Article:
Breastfeeding Diet

The crucial connection between breastfeeding and diet

After nine months of scrupulous eating, you're either completely committed to your new food choices or ready to return to sweets and fast food. Well, don't go changing your eating habits yet -- you need to keep up your nutritious prenatal lifestyle for at least a while longer.

If you breastfeed, you need to take in a lot of nutritious calories to make sure your baby develops a healthy mind and body. On the other hand, most women will lose weight despite this calorie increase if they make wise food choices and get a bit of exercise while they continue to breastfeed. Instead of focusing on dropping pounds with a restricted diet, you'll want to keep your energy up and meet the needs of your growing baby with some sound nutrition principles and a good understanding of how your body uses energy in this important phase of life.

Good Breastfeeding Diet Plans

Any decent breastfeeding diet will stick to the same guidelines you followed for nutrition during pregnancy. A variety of foods, frequent meals and plenty of water are vital for your body to support another human being as well as yourself, so keep up your calorie intake to satisfy those energy needs. Although the amount or type of food that you eat won't affect the quality of your milk (your body naturally adjusts the composition of your breast milk according to the needs of your baby), the quantity of milk your body can produce will certainly depend on what foods you choose and how much you eat.

Experts recommend that you eat a variety of foods not only to cover your nutritional needs, but also to encourage your little one to develop a taste for different flavors. You may find that certain foods you eat will stimulate your baby's appetite, while other vegetables (broccoli, for instance) make her fussy or gassy. Feel free to tailor your diet to your baby's tastes as well as your own, but keep taking your prenatal vitamins (or another supplement recommended by your doctor) to make sure you're getting enough of every important nutrient and mineral while your body works hard to produce enough breast milk for your baby.

Foods to Avoid While Breastfeeding

Again, the basic guidelines about foods to avoid while breastfeeding are the same as what you've already been following during your pregnancy. Just as caffeine and alcohol can cross the placenta, they can also cross into breast milk, so it's best to limit your intake of caffeinated and alcoholic beverages. An occasional drink is all right, and to be safe you can wait two hours after having that drink before you breastfeed your baby. You should also continue to limit the amount of fish you eat, to avoid the risks of mercury consumption.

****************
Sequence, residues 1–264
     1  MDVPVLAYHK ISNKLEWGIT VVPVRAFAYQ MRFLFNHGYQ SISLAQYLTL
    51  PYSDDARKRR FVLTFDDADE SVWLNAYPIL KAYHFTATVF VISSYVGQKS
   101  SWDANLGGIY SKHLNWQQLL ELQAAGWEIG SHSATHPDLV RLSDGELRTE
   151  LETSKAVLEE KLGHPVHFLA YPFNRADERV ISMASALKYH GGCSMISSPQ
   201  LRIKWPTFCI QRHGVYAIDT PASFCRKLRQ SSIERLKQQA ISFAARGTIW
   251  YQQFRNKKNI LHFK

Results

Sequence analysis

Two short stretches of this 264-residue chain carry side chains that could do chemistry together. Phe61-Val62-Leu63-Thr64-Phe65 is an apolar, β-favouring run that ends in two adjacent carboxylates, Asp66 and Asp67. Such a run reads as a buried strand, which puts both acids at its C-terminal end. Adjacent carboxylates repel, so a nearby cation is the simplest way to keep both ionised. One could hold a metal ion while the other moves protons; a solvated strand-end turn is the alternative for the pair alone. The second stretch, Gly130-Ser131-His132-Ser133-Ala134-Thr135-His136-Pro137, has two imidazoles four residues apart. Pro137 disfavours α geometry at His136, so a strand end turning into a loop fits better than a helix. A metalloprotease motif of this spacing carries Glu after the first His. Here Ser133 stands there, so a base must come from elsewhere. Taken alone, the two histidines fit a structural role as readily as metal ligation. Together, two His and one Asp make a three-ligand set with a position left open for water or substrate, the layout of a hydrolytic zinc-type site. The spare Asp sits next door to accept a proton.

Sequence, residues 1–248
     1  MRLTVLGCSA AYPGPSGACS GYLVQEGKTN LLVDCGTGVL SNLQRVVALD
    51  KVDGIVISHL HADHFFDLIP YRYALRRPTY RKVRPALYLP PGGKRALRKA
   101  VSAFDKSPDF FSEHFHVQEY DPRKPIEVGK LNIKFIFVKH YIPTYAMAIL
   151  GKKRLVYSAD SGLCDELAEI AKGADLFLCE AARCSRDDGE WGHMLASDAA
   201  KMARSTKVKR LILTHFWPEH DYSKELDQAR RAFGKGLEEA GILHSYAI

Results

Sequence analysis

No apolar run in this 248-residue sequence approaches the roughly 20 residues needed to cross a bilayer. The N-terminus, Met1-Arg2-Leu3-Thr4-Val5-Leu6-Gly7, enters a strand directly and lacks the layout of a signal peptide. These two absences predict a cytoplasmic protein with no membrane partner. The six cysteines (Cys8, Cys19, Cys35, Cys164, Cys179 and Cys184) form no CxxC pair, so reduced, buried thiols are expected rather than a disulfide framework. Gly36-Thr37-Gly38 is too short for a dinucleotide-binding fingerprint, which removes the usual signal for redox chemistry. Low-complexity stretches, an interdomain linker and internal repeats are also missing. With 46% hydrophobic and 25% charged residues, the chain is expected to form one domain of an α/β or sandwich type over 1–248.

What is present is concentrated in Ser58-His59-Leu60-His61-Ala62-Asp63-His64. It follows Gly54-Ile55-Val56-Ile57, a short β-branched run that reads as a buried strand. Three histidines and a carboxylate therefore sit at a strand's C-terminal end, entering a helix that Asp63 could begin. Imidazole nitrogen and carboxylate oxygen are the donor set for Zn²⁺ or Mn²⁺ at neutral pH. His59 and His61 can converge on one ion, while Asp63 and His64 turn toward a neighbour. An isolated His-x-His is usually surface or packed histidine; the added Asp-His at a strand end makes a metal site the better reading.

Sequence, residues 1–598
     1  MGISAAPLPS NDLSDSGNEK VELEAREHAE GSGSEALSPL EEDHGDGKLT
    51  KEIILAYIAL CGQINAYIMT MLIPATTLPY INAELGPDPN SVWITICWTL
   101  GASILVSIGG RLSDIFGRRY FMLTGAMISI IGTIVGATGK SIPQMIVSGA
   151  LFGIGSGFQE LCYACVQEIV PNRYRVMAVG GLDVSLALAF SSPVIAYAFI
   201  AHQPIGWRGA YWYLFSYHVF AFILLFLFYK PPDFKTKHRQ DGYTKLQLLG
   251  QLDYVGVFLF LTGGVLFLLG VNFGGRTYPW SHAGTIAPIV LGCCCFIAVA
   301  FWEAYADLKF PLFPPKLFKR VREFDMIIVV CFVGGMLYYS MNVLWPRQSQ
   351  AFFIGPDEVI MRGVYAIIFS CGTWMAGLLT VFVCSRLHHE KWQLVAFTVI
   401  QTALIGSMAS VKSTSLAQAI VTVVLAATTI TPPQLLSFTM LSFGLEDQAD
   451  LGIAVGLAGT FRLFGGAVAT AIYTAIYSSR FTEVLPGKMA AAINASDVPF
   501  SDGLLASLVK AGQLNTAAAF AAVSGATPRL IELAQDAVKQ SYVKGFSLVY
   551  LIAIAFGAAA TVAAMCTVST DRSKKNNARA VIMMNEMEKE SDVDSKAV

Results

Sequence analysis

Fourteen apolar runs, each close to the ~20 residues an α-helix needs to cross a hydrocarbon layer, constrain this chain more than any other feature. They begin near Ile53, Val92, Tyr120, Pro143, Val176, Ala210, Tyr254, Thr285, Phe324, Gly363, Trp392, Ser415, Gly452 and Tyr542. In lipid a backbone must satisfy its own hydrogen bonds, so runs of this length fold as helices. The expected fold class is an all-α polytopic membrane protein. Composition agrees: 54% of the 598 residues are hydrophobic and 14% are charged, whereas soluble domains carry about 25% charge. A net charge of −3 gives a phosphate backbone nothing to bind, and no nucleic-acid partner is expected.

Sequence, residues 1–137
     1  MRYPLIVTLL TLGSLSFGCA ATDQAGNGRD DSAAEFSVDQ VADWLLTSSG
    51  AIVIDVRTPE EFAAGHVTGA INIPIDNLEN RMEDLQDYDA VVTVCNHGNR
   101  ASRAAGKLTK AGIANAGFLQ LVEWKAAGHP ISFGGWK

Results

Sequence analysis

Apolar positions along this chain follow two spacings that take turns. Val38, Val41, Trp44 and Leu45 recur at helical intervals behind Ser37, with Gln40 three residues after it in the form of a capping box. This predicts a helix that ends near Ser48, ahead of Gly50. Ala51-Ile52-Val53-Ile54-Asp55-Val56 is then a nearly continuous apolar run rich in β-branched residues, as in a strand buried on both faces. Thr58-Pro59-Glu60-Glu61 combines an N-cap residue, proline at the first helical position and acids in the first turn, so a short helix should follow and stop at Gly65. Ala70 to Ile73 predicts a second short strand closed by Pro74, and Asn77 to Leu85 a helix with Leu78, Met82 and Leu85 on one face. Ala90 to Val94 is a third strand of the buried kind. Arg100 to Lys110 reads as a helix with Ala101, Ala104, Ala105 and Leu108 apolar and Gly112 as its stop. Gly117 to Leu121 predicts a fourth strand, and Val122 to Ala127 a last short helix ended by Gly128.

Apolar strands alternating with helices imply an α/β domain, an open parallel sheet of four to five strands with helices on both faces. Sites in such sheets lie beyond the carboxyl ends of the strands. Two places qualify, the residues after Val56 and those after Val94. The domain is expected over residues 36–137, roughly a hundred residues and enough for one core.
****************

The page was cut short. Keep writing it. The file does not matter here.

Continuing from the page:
Many woman find that certain foods seem to upset their babies. In some cases, your baby may have allergies or sensitivities to the foods you're eating; common culprits include milk, wheat, soy, eggs and nuts. Eliminating these foods from your diet may bring your baby relief, but be sure to discuss it with your baby's doctor before cutting anything out. You'll need to be sure that all of your baby's nutritional needs continue to be met even on the restricted diet.

Dieting While Breastfeeding

Are you concerned about shedding those extra pounds of baby weight? Well, whatever you do, don't diet! A sudden decrease in calories will pose a danger to your health and could spark the release of toxins from fat stores in your body. In turn, these toxins can be passed to your baby through your breast milk. You also need a surprising amount of calories to simply keep your energy up and your milk flowing, so reduce your waistline with good nutrition and moderate exercise instead of wacky diets.

Although many new moms see it as a quick way to the finish line, breast feeding and diet pills don't mix. Instead of boosting your supplement intake (unless it's calcium or vitamin D), try altering your perspective. Fat is one misunderstood element of food: while saturated and trans fats are counter-productive in any diet, healthy fats, especially omega 3 fatty acids, will help you stay energized and ward off postpartum depression. These healthy fats also help your baby's development considerably, leading to a higher IQ and a happier demeanor through childhood and beyond. Do yourself a favor and include foods rich in healthy fats like avocados, walnuts, salmon, flax seeds and olive or canola oil in your daily menu.